Archive for the ‘West Seattle’ Tag

Coach Turner   10 comments

Pub - Kenne & Ana (1 of 1) blogAna Claudia 

Last weekend, as I stood in front of those attending the celebration of life services for my brother Tom, I couldn’t help but notice the tears on the face of a dark-haired women among those attending. I had not yet met this beautiful women, so I had no idea who she was.

Knowing that some of Tom’s former students would be in attendance, I was not surprised when she came up to me after the service, with tears still in her eyes, and introduced herself — Ana Claudia, one of Tom’s former students. We embraced with the affection of dear friends seeing one another after years of being apart. For Ana, I was channeling Couch Turner, something that is second-nature for me since my brother and I are kindred spirits. We talked, drifting from the present to the past and back, her tears of joy still on her face. 

As we talked and hugged, Ana shared something she had posted on Facebook after the death of Coach Turner:

I don’t often share my feelings on here,
but today I have a good reason to do so.
I’ve often thought about how blessed I am
for having had tough but kind coaches
and mentors throughout my life.
I am grateful beyond words
that good-hearted people took time
to help keep a poor immigrant kid from the hood
on a path towards a positive life
that included the desire to give back or pay it forward.
I know most of you didn’t know him but in honor of him,
I want to say that among all of those good people
none made more of a difference
in my life than this good man — Coach Turner.
He passed away yesterday and now,
here I sit openly weeping still, smiling,
and remembering him not only as a coach,
but also as a mentor, a defender, a family friend, and even a father.
I’ll never forget you Coach Turner. Thank you from my heart.
— Ana Claudia

I have no doubt that her words are shared by so many of his former students. He was a special man who liked using the power of his vocabulary to impress those around him, but for Tom his ability to share his feeling was more powerful the words. Like all of us, he had his demons, but above all, “Bobby”, my little brother, knew the value of caring and sharing.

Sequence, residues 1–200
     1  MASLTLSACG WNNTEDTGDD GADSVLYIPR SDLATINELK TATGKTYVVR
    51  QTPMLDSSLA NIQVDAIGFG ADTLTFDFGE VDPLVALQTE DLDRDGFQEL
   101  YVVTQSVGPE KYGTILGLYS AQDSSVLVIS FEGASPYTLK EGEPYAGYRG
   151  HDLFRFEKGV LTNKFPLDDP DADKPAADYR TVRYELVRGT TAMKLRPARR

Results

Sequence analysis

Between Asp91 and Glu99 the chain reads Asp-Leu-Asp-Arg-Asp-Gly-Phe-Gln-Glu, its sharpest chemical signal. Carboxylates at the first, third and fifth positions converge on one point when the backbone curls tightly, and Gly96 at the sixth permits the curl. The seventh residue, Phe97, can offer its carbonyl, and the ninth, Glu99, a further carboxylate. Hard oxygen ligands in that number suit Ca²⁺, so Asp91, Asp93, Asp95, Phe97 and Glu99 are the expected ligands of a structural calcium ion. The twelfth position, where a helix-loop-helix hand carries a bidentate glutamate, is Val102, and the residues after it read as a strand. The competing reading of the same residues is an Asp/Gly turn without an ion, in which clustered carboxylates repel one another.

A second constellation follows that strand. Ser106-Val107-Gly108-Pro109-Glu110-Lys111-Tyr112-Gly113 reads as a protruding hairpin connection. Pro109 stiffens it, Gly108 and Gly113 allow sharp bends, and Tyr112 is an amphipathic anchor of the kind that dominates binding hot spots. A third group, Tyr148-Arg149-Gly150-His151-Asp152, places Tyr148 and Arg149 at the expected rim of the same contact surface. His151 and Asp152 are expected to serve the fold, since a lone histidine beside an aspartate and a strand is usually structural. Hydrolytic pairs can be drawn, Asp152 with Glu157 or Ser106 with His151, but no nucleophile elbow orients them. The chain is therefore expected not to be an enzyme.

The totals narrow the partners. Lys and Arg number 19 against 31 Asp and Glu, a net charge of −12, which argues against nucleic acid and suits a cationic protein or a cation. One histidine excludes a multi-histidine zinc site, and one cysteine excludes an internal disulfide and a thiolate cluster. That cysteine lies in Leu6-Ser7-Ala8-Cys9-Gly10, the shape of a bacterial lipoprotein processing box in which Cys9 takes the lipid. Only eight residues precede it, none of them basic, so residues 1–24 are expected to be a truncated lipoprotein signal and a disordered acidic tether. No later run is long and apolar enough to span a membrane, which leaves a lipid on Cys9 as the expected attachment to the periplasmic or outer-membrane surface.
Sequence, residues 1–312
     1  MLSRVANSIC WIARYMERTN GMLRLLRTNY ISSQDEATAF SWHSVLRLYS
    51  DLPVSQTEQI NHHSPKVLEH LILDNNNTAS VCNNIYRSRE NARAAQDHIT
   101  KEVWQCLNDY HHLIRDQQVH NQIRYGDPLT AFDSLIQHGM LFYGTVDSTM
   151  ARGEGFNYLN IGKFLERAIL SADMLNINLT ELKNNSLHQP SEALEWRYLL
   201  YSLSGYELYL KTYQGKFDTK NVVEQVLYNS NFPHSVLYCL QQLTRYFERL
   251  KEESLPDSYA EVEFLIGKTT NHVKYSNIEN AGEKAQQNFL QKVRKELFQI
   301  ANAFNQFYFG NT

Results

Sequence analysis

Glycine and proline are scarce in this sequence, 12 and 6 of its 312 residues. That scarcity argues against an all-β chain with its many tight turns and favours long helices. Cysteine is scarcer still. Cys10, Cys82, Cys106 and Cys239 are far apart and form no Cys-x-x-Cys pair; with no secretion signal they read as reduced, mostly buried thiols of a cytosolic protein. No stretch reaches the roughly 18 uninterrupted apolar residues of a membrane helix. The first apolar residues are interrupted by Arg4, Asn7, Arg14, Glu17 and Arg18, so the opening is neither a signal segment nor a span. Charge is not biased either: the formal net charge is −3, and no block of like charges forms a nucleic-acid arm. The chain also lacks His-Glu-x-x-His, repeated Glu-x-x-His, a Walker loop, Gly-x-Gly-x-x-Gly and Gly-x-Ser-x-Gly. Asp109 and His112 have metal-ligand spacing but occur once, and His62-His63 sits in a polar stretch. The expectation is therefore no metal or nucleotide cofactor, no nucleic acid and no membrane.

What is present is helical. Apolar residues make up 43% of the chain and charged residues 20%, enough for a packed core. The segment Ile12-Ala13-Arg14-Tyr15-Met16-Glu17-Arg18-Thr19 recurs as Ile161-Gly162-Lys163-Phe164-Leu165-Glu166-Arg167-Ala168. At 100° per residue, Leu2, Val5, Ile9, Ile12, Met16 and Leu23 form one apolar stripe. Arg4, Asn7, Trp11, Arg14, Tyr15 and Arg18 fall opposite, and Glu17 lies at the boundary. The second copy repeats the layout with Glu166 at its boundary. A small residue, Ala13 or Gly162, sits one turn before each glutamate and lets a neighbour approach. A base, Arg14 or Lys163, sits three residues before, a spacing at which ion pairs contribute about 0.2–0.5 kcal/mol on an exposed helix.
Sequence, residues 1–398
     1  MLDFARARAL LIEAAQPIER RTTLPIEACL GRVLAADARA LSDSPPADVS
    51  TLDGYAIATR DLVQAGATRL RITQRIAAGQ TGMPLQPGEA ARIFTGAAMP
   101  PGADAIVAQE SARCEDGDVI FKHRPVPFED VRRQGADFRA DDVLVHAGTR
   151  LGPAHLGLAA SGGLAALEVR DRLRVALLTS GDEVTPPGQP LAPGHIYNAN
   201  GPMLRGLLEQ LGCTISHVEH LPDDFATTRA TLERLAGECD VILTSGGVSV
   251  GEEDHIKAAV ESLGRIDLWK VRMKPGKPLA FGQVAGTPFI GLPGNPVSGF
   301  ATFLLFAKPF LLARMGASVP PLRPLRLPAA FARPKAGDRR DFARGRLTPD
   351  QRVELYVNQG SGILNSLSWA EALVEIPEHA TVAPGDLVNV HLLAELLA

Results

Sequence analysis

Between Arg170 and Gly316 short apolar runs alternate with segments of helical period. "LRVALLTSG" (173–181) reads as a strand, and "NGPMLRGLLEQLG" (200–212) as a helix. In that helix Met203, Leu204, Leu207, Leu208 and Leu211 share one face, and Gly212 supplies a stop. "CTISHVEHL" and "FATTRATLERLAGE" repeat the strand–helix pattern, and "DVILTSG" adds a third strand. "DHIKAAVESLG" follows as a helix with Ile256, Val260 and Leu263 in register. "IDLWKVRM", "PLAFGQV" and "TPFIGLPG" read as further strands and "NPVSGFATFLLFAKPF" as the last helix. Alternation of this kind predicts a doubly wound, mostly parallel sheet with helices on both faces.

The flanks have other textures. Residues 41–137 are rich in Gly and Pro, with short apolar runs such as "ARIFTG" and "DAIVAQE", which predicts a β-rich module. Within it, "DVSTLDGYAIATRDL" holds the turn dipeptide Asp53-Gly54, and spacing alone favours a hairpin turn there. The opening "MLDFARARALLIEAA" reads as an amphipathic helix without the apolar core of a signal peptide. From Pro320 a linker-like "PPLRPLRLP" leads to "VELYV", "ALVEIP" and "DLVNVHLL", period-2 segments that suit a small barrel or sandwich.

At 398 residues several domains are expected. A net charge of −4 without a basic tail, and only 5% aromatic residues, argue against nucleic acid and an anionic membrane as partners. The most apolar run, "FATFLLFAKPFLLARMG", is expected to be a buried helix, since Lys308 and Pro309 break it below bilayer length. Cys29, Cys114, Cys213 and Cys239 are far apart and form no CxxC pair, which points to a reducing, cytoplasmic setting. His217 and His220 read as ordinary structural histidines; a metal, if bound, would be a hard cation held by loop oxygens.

In the form of a elegy, I share the last two stanzas from Federico Garcia Lorca’s, “A Dream of Life”:

No one knows you. No one. But I sing you — 
sing your profile and your grace, for later on.
The signal ripeness of your mastery.
The way you sought death out, savored its taste.
The sadness just beneath your gay valor.

Not soon, if ever, will Andalusia see
so  towering a man, so venturesome.
I sing his elegance with words that moan
and remember a sad breeze in the olive groves.

— kenne

Coach Turner blogCoach Turner

Tom & Track Students (1 of 1 blog)Turner with some of his track students

 

Capturing The Moment — Easy Street   Leave a comment

Easy Street (1 of 1) blogWest Seattle (January 10, 2015) — Image by kenne

City Psalm by Denise Levertov

The killings continue, each second
pain and misfortune extend themselves
in the genetic chain, injustice is done knowingly, and the air
bears the dust of decayed hopes,
yet breathing those fumes,
walking the thronged
pavements among crippled lives, jackhammers
raging, a parking lot painfully agleam
in the May sun, I have seen
not behind but within, within the
dull grief, blown grit, hideous
concrete facades, another grief, a gleam
as of dew, an abode of mercy,
have heard not behind but within noise a humming that drifted into a quiet smile.
Nothing was changed, all was revealed otherwise;
not that horror was not, not that the killings did
not continue, not that I thought there was to be no more despair,
but that as if transparent all disclosed
an otherness that was blessed, that was bliss.
I saw Paradise in the dust of the street.

My brother Tom always savored this poem by Levertov. He once wrote: “I have always loved this poem . . . I even tore it out of a boo of hers in a book store . . . years ago simply to have it . . . eons before I had a computer!!! SILLY Mr. T.”

. . ., PARADISE IN THE DUST . . .

kenne

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